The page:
Since its establishment in 1885 until the conclusion of the First Republic era, the Museum of Decorative Arts (known as UPM) served as a repository for the finest contributions of the Czech modern movement, spanning from Art Nouveau to avant-garde expressions, resulting in an unparalleled collection. Adorned with intricate mosaics, stained glass, and sculptures, the building itself is a testament to artistic craftsmanship, while its ground-floor temporary exhibitions consistently impress.

In recent times, the museum has undergone extensive reconstruction, resulting in the temporary closure of its exhibitions during the renovation period. The primary goal was to refine the curation of its collections, which encompass textiles and lavishly embroidered religious vestments from the 15th to the 18th centuries, lacework from various eras, costumes spanning three centuries, and remarkable displays of glass, ceramics, and pottery—often regarded as the highlight of the museum. Additionally, visitors can explore exhibits featuring furniture, jewelry, curiosities, Czech photography, interwar prints, works by Josef Sudek, avant-garde graphics by Karel Teige, book designs by Josef Váchal, and some of Alfons Mucha's iconic turn-of-the-20th-century Parisian advertising posters.

Don't miss the superb design-oriented gift shop and the excellent café, popular among local artists, for a well-rounded experience.
Jan Palach Square

9) Jan Palach Square

Compared to other squares in Prague, Jan Palach Square has a relatively recent history. Found on the right bank of the Vltava river within the Old Town, not far from the Jewish Quarter, it was initially named the Square of the Red Army in honor of the Russian soldiers who lost their lives while liberating Prague in 1945. However, between 1969 and 1970, the square underwent a tentative renaming to "Jan Palach", in remembrance of the young student who tragically committed self-immolation in protest against the Soviet occupation of Czechoslovakia. This name change persisted and was officially sanctioned at the close of 1989, following the fall of the Communist regime.

The western side, which faces the river, offers splendid views of the iconic Charles Bridge and Prague Castle, with the Mάnes Bridge serving as a connection to the Lesser Town. To the north, one can admire the Rudolfinum Concert Hall and Art Gallery, while to the south lies the Academy of Arts, Architecture, and Design. On the eastern side, the Charles University Faculty of Arts commands attention.

A statue of Czech composer Antonin Dvorak can be seen in front of the Rudolfinum, and another of Josef Mάnes, renowned for his exquisite depictions of the twelve months for the Astronomical Clock in 1870, is positioned by the river. As for Jan Palach, a commemorative plaque honoring his courage can be found in Wenceslas Square.
Pinkas Synagogue - Holocaust Memorial

10) Pinkas Synagogue - Holocaust Memorial

Constructed in 1535, the second-oldest synagogue in Prague has undergone numerous renovations throughout its long history, now serving as a solemn tribute to the more than 77,000 Czech Jews who perished during the Shoah, also known as the Holocaust. Between 1992 and 1996, names were painstakingly inscribed on the synagogue's interior walls, arranged by both family name and the victims' Bohemian and Moravian hometowns, transforming it into a poignant site of remembrance.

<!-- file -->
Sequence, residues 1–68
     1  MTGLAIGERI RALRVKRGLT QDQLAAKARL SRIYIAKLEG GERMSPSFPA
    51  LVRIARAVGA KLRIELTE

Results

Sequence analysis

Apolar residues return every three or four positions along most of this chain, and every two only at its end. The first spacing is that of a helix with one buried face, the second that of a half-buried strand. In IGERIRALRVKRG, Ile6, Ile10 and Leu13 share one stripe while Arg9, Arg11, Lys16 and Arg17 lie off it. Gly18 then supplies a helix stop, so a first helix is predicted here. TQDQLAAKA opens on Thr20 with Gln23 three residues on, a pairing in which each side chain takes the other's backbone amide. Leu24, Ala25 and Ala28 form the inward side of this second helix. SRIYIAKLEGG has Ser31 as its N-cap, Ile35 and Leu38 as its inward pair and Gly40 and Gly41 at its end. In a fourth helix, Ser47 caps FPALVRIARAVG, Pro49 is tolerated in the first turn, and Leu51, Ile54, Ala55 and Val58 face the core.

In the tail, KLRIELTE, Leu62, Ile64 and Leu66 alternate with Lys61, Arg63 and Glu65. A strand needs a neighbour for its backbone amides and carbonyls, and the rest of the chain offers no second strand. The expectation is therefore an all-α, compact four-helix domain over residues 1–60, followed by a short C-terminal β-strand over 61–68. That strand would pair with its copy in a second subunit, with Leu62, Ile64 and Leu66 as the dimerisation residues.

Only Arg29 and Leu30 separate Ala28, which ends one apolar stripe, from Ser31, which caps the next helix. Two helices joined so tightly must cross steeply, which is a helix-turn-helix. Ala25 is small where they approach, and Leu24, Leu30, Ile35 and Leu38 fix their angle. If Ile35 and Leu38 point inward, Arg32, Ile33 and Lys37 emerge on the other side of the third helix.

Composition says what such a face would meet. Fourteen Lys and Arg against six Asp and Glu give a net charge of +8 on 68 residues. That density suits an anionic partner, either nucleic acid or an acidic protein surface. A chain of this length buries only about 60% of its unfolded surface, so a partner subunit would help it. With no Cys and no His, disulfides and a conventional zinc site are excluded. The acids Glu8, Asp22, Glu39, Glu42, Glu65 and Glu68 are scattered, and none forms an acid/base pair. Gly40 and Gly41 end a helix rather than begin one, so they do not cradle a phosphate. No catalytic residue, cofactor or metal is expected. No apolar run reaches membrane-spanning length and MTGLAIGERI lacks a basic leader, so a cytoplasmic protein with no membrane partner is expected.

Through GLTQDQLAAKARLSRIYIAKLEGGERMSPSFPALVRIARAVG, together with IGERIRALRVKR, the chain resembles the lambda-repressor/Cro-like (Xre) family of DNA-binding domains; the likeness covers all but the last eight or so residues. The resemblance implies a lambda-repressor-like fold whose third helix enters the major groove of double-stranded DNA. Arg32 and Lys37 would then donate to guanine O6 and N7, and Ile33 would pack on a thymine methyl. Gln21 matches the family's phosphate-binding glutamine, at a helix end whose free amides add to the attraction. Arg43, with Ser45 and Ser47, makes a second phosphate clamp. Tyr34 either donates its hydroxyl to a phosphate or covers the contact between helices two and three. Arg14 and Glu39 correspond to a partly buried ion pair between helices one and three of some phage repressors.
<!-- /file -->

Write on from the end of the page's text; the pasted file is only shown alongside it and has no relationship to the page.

Visitors are further immersed in the harrowing history as they proceed through a hall adorned with drawings created by children who were incarcerated at the Jewish ghetto of Terezín en route to the concentration camps of Treblinka or Auschwitz. These drawings, preserved by a courageous teacher who conducted art classes during her internment at Terezín from 1942 to 1944, offer a poignant glimpse into the young residents' experiences, blending moments of happier times with expressions of profound despair. Remarkably, the teacher clandestinely safeguarded the drawings in two suitcases, ensuring their survival.

Why You Should Visit:
Among the many landmarks in the Jewish quarter, the Holocaust Memorial stands out as an exceptionally moving testament. Every inch of wall space is occupied by a carved stone list of victims, each entry bearing their name, date of birth, and date of death or transportation to the camps. This extensive epitaph, the longest of its kind in the world, serves as a sobering reminder of the countless lives lost in the Nazi concentration camps, despite representing only a fraction of the total casualties.
Maisel Synagogue

11) Maisel Synagogue

Similar to the Jewish Town Hall, as well as the Klausen and High synagogues, the Maisel Synagogue was established and funded entirely by philanthropist Mordecai Maisel. Positioned slightly set back from the adjacent buildings along Maiselova Street, the synagogue once boasted unparalleled ornateness within Josefov and held the distinction of being Prague's first synagogue open to women. Originally designed in the Renaissance style, it suffered significant damage during the Great Fire of 1689, leading to its reconstruction with a Baroque façade, later replaced by the current neo-Gothic façade in the late 19th century.

Today, its unadorned, whitewashed interior hosts an exhibition chronicling the history of the Czech-Jewish community up to the 1781 Edict of Tolerance. Showcased within glass cabinets are precious gold and silverwork, Hanukkah candlesticks, Torah scrolls, and other religious artifacts. Visitors can also view examples of outdated ruffs worn by unmarried males from the age of twelve and a replica of Ferdinand I's decree mandating the circular yellow badge. In contrast, the most opulent items on display date back to the late 16th and early 17th centuries, a period of prosperity for Prague's Jewish community. It is worth noting the irony that many of the valuable artifacts showcased here were brought to Prague by the Nazis themselves, sourced from various other synagogues across Bohemia and Moravia.